Let’s shift gears. You specifically have been doing a lot of pitch competitions, and with success. How can people think about pitch competitions, especially when it might be 6-10 companies pitching, there’s usually only one, maybe two “winners”, so the chances of winning might look low?

I’ve definitely evolved my thinking about pitch competitions. Three weeks after I came up with the idea for EnrichHER, I submitted my idea to the Essence Festival pitch competition, and was excepted. The competition was “what was the best idea that would help women grow their economic power,” and that’s exactly what I do. The competition had our platform, a platform with organic supplies for our menstrual cycle, and the third company was one that kept collars for shirts from wrinkling or staining. That’s the company that won.

I was so frustrated, because what does that have to do with economic power for women? The judges said that the women don’t have to spend time ironing the shirts, so they would have more time to do other things, so that’s why they thought that was the best [laughter]. So I took it very personally, wondering if it was about my idea, and whether people understood what I was doing.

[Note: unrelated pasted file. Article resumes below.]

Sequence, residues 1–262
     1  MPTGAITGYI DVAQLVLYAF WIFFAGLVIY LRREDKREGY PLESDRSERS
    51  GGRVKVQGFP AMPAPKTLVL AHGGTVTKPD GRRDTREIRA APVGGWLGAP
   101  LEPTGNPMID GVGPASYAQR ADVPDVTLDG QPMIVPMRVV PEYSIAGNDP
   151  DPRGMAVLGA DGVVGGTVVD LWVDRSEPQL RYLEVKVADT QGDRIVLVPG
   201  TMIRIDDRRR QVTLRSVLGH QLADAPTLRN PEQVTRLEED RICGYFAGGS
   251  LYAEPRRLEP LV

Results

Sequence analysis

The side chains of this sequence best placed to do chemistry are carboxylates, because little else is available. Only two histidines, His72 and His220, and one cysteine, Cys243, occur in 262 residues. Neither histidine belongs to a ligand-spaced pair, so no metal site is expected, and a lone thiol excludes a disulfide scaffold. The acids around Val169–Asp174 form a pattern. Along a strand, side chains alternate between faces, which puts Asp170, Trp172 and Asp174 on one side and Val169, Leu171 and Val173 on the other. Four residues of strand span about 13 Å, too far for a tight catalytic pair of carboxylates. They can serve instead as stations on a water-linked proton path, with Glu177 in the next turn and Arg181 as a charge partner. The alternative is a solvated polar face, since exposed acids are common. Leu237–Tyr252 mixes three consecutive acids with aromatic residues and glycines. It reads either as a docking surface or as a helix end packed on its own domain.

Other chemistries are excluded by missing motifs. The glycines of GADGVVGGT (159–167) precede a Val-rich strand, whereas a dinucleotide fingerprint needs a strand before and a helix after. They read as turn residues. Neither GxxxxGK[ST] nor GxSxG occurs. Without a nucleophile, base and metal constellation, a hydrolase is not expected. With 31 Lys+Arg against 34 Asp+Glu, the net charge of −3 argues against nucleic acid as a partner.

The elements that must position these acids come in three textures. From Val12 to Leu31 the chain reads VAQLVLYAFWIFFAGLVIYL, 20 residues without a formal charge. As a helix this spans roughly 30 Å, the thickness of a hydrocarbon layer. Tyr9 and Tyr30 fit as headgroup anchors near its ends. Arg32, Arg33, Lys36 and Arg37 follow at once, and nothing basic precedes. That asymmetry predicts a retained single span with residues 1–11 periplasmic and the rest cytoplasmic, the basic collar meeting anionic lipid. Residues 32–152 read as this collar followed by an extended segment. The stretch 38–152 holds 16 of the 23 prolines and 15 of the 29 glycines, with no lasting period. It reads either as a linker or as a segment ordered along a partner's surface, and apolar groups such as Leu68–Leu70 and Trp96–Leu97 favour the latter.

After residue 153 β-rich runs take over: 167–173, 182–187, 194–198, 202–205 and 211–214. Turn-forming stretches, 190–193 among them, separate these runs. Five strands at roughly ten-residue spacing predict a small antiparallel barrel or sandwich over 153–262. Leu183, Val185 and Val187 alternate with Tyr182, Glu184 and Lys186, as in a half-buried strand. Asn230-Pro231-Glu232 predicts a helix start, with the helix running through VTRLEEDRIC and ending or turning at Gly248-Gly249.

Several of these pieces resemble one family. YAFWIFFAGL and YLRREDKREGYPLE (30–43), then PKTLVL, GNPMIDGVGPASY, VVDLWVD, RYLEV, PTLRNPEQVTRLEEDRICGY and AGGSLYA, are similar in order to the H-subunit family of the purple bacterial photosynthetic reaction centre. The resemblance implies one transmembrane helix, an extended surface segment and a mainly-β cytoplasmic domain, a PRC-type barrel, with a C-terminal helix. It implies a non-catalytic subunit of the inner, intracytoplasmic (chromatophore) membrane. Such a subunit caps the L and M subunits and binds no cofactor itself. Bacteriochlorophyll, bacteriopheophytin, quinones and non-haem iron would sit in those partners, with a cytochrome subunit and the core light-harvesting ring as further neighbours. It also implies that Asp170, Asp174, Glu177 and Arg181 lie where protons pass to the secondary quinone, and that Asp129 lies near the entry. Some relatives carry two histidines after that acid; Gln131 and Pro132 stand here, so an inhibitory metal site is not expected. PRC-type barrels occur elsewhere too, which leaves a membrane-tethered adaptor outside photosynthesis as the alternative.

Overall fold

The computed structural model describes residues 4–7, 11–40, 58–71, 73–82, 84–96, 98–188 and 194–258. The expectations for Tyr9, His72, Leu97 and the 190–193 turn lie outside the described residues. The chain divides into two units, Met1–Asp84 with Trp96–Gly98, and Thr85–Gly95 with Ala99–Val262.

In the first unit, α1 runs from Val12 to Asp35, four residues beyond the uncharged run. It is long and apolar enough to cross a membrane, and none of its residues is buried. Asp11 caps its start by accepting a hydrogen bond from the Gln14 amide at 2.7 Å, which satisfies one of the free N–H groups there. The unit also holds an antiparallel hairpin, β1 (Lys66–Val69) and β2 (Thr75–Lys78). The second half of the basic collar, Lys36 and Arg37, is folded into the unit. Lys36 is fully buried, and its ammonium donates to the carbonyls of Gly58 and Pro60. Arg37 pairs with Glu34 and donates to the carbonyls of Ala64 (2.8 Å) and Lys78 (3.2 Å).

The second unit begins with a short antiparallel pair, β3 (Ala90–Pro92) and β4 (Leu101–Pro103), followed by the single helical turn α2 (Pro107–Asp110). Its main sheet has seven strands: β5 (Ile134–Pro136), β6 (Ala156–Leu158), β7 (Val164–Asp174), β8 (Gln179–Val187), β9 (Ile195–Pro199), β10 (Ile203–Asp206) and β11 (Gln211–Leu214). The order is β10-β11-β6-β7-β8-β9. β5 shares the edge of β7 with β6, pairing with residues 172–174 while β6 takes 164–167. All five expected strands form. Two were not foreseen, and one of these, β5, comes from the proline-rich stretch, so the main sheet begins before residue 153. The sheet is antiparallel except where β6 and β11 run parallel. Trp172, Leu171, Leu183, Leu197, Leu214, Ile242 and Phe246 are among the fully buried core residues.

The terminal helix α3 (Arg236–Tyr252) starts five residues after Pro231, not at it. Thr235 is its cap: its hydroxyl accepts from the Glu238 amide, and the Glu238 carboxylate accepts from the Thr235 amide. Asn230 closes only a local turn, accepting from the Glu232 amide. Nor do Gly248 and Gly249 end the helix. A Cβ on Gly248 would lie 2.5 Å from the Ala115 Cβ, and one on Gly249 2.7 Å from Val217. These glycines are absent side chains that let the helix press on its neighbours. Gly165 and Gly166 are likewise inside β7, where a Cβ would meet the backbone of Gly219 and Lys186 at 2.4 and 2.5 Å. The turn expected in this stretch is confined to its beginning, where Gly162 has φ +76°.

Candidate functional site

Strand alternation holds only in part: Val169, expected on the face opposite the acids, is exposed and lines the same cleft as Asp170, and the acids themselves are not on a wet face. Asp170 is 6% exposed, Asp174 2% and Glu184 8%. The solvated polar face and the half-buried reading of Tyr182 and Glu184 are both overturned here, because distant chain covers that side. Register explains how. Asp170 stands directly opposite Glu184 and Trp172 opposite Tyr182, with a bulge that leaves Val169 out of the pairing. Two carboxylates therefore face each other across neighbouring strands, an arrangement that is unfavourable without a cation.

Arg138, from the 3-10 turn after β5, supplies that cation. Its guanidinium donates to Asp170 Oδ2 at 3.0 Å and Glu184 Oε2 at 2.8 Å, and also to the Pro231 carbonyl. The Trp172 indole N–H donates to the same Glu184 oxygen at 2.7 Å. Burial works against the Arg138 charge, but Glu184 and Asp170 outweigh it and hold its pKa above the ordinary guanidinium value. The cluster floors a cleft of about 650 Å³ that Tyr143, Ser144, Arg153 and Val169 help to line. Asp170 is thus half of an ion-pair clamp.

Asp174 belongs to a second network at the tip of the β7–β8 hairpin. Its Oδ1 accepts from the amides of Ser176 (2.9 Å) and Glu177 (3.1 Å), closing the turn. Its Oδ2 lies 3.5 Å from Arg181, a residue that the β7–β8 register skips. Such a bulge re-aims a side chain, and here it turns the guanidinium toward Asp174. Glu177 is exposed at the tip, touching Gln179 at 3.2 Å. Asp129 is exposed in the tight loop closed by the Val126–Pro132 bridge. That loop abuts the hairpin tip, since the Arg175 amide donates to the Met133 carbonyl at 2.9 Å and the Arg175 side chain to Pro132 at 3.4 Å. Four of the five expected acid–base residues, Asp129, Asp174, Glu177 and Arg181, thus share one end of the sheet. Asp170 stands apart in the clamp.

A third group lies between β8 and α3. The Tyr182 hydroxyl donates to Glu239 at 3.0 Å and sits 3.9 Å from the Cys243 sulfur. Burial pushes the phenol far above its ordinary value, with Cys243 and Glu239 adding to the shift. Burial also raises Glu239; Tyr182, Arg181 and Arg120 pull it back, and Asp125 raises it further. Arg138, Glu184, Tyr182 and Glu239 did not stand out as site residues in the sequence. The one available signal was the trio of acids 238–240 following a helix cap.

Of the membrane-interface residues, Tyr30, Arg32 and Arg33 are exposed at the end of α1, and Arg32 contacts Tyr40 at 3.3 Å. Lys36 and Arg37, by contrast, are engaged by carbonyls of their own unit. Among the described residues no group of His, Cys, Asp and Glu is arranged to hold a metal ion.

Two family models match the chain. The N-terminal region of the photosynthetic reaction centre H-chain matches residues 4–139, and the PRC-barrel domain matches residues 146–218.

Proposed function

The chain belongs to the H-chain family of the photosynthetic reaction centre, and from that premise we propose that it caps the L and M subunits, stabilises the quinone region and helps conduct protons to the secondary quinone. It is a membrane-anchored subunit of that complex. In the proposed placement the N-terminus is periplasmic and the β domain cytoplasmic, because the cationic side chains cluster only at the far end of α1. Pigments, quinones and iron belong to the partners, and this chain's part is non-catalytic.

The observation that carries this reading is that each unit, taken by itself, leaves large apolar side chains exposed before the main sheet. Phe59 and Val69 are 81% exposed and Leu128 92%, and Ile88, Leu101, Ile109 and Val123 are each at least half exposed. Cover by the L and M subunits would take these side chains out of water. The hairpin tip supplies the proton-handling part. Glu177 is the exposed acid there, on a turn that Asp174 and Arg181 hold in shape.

When I was walking out of the room there was a writer from Fast Company in the idea who approached me and said my idea was amazing, and asked me for an interview for an article that was going to be published the following month. I said yes, and within a month of me coming up with this idea, before I developed anything, I was in a Fast Company article based on this pitch competition that I thought was crazy.

Ever since then, I think pitch competitions are about amplifying your message to the audience at large, versus winning. If you win, that’s great, but sometimes that really doesn’t come down to you – like the story I just told – or it could go your way because you’re the best. Almost every competition I’ve participated in, I’ve gotten an opportunity to be featured in press, which brought in new customers, or maybe interested investors, or an audience member who might be willing to connect me or invest in my company. I think that’s the best way to think about pitch competitions and evaluating them, if you think it’ll bring a good audience, with someone who might be able to fulfill one of your KPIs.